Divrei Yisrael: Honoring God
The 13th of Kislev is the Yahrtzeit of Rav Yisrael Taub of Modzhitz, author of Divrei Yisrael (1849-1920). He was the son of Rav Shmuel Eliyahu Taub of Zvolin (1888) and the grandson of Rav Yechezkel Taub of Kuzmir (1856), who was one of the students of the Chozeh of Lublin. He became the first Rebbe of Modzhitz and was succeeded by his son, Shaul Yedidya Elazer. Legend has it that in 1913 Taub composed a 30-minute negun while having his leg amputated without anesthesia.
“Ein ribui achar ribui, ela l’ma’et,” The rule is that an amplification following an amplification intimates nothing but a limitation. “Ein mi’ut achar mi’ut, ela lerabot,” the rule is that a limitation after a limitation intimates nothing but an amplification. (Bava Kamma 45b) We can certainly explain this according to the Zohar’s teaching that, “One who is great, arrogant, is actually insignificant, and one who is small, humble, is truly great. (Shelach 168a) One who amplifies himself time and again, only serves to limit himself, and one who constantly limits himself, and practices humility, only expands.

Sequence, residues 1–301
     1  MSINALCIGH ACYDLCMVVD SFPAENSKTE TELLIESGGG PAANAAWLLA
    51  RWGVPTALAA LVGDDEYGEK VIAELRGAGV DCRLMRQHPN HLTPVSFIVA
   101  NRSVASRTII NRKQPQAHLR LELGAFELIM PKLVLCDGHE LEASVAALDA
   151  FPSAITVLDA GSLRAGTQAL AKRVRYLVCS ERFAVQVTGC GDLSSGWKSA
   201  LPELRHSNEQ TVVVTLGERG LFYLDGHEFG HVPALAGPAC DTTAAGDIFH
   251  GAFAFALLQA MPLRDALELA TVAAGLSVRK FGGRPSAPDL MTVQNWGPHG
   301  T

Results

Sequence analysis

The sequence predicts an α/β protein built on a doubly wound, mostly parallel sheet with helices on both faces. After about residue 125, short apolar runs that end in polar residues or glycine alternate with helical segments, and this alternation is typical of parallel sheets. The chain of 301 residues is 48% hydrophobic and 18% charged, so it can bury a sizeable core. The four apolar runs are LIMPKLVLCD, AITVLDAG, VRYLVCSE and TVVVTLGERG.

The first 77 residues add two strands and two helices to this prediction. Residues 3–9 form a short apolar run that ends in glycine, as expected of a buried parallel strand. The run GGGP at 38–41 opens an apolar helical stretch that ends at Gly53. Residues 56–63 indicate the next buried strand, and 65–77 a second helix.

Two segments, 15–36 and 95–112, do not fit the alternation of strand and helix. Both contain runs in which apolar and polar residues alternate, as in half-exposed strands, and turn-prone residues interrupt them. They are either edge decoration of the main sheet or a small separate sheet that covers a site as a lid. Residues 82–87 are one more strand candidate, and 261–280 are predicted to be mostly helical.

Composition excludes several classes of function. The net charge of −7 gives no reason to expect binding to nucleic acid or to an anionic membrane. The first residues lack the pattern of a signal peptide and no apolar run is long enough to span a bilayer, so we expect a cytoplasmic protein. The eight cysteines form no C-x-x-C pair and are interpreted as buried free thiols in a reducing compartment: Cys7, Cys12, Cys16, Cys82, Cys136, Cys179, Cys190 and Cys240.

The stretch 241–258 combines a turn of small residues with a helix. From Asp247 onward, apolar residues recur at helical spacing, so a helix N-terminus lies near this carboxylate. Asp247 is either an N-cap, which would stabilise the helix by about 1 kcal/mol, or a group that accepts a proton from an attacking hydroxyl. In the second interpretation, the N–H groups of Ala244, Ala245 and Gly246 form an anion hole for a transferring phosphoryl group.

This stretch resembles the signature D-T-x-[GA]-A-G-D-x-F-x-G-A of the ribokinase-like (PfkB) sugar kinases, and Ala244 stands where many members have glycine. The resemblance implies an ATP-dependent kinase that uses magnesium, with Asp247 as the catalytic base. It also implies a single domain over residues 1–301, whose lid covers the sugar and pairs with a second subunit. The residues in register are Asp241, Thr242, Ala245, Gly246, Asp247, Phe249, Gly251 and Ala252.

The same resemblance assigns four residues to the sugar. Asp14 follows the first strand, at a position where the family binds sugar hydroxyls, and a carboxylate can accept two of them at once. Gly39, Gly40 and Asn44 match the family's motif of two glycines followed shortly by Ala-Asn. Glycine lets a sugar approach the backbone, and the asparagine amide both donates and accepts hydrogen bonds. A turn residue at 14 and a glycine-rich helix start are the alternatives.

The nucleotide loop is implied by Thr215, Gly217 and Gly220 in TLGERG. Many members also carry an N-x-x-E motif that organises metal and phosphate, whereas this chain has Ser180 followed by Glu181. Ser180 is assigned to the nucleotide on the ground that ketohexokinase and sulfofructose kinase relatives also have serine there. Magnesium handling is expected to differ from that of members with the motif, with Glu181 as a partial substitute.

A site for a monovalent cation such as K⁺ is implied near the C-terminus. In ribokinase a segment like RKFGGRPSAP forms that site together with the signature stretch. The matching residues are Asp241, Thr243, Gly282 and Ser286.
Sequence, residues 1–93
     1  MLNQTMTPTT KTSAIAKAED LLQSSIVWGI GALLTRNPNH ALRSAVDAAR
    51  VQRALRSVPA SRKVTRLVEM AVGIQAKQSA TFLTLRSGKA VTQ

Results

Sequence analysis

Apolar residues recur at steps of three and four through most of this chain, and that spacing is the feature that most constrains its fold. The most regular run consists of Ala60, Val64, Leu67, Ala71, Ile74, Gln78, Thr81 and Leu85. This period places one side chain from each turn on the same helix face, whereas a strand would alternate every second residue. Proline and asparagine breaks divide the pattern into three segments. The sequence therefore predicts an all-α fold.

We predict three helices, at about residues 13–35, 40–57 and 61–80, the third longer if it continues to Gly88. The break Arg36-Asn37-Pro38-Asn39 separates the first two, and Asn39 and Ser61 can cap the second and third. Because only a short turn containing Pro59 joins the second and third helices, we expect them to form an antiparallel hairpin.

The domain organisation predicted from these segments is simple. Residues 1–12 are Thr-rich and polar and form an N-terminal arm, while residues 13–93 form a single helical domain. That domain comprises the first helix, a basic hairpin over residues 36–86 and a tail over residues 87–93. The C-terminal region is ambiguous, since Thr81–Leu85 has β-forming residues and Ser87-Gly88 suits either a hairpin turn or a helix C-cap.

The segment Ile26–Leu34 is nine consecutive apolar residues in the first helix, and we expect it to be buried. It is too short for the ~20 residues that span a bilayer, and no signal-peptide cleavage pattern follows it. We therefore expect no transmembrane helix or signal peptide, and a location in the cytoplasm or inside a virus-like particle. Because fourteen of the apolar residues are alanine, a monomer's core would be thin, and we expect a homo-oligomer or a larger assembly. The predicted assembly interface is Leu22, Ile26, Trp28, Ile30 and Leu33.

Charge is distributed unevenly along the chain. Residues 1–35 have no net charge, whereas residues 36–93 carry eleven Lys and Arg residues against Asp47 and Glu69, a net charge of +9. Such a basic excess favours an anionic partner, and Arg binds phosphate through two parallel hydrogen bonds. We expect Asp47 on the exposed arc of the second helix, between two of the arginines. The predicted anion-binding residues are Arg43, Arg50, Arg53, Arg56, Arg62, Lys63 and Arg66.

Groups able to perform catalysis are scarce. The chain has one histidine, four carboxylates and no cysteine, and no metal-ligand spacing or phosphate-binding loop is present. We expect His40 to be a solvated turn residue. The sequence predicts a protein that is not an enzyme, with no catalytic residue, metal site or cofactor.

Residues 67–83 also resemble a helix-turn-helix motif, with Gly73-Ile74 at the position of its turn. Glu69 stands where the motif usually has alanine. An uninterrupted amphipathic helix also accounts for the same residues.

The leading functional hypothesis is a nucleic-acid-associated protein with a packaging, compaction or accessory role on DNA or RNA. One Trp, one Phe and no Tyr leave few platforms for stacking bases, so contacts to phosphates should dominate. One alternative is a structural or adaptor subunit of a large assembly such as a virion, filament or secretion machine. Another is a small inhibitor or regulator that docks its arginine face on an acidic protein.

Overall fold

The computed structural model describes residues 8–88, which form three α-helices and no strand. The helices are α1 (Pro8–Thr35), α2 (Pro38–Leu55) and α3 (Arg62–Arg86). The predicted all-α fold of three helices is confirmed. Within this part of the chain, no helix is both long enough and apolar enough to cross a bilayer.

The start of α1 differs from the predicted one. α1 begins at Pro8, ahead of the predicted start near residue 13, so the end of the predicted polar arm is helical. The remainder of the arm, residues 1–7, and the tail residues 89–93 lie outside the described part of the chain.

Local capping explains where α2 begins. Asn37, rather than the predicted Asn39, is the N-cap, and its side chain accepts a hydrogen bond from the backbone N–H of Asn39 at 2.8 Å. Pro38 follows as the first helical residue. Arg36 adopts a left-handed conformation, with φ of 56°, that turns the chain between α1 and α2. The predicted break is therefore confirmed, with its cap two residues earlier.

We can also explain this Talmudic rule based on a Midrash (Yalkut Shimoni, Lech Lecha #76) that says: All who increase the glory of heaven and limit their own honor, will find their honor increasing. All who limit the glory of Heaven and expand their honr, will find their honor constantly lessening.
The application of the Talmudic rule would be: An amplification after amplification of personal honor will only serve to limit. A limit after limit on personal honor, will only serve to amplify one’s personal honor.
(The Rebbe then applies this concept to many more ideas in Spiritual Development.)
Divrei Yisrael – Aleph